New social media rules warn airmen not to post offensive, illegal content

Lt. Gen. Gina Grosso, the Air Force's deputy chief of staff for personnel, testifies before the House Armed Services Committee on Social Media Policies for the Military Services, March 21, 2017, in Washington, D.C.


By SETH ROBSON | STARS AND STRIPES Published: March 30, 2017

New Air Force social media rules issued in the wake of the Marines United nude-photo-sharing scandal are warning airmen to avoid posting anything offensive or illegal online.

The March update to the Air Force’s “Public Web and Social Communication” regulation tells service personnel not to post “any defamatory, libelous, vulgar, obscene, abusive, profane, threatening, hateful, racially, ethnically or otherwise offensive or illegal information or material.”

Airmen also should not post information that would infringe on the proprietary, privacy or personal rights of others and should not disguise, impersonate or otherwise misrepresent their identity or affiliation with any other person or identity online, the rules say.

The rules have received mixed reaction among those interested in Air Force issues.

Soon after the rules were updated, people began mocking them on an unofficial, Air Force-related Reddit page.

“I was about to write some defamatory, libelous, vulgar, obscene, abusive, profane, threatening, hateful, racially, ethnically, or otherwise offensive or illegal information or material in response to this, but then I read your post and found out I’m not allowed to,” one user wrote.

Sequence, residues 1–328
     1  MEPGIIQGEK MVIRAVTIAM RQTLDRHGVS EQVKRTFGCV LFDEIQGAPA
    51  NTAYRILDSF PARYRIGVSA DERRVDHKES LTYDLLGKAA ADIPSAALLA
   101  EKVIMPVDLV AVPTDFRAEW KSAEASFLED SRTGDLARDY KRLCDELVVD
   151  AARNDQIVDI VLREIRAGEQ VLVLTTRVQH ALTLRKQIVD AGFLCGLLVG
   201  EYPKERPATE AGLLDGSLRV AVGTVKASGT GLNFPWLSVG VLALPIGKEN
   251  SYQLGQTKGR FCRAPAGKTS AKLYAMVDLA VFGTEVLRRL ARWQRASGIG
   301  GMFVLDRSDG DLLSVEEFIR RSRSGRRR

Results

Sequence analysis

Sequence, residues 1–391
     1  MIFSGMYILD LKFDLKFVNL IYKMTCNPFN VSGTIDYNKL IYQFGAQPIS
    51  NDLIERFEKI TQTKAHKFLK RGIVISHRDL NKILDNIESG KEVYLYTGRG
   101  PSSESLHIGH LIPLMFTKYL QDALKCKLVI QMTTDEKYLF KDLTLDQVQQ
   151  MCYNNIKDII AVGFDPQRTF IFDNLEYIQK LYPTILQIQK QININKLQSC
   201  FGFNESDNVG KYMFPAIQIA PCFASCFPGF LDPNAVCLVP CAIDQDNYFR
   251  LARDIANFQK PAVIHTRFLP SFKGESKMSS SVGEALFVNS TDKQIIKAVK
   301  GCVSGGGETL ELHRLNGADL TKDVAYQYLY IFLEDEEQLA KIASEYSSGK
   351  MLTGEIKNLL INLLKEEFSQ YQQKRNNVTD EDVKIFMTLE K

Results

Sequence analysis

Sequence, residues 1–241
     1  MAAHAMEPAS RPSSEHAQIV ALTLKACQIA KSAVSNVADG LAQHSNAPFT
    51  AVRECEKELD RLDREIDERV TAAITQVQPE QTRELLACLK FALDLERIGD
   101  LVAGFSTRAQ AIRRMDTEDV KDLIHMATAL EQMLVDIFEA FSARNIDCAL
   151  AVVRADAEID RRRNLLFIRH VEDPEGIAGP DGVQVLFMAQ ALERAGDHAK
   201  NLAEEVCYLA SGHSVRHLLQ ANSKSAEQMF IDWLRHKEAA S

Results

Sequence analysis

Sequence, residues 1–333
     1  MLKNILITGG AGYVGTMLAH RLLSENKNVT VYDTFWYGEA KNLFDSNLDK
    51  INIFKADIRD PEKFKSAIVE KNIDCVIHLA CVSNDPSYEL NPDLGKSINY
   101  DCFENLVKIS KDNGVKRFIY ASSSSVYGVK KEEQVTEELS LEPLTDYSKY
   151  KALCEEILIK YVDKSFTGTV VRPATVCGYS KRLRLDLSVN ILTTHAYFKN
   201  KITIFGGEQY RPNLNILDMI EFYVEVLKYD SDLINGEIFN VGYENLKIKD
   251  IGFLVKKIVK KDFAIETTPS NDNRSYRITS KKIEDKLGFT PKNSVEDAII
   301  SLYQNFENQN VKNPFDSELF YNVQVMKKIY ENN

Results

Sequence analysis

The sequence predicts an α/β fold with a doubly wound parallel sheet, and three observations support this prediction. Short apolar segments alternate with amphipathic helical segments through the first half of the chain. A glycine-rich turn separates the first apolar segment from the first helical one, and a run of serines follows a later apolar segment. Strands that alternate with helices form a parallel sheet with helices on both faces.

The update came after Marine Corps Commandant Gen. Robert Neller was grilled earlier this month by the Senate Armed Service Committee, over others' sharing of nude photographs of female Marines on a secret Facebook group called Marines United.

Last week, Air Force Lt. Gen. Gina Grosso, the service’s deputy chief of staff for personnel, told lawmakers that an airman had been charged under the Uniform Code of Military Justice for posting revenge porn, The Associated Press reported.

Revenge porn is when an intimate photo is taken and shared willingly with a partner or spouse, but later distributed online by that partner without the subject’s permission, the report said. More than 30 states have revenge-porn laws.

The Air Force did not immediately respond to Stars and Stripes questions about the rules.

However, the instruction says the service views personal websites and blogs positively and respects the rights of airmen to use them as a medium of self-expression.

Airman 1st Class Alex Tolbert, 24, of Oklahoma City, who was shopping Thursday at Yokota Air Base, Japan, said he’d heard about the new guidelines but wasn’t too concerned.

“I don’t get on social media a lot, but whatever you put on there portrays your character,” he said.

Airmen should use their best judgment when posting online, says the instruction, which adds “there are always consequences to what is written.”

Airmen who are about to post something questionable or that may reflect negatively on the Air Force should review the rules and other guidance thoroughly, and are encouraged to discuss the proposed post with their supervisor or public affairs office, the instruction said.

“Ultimately, however, airmen are solely responsible for what they post,” it said.

Twitter: @SethRobson1


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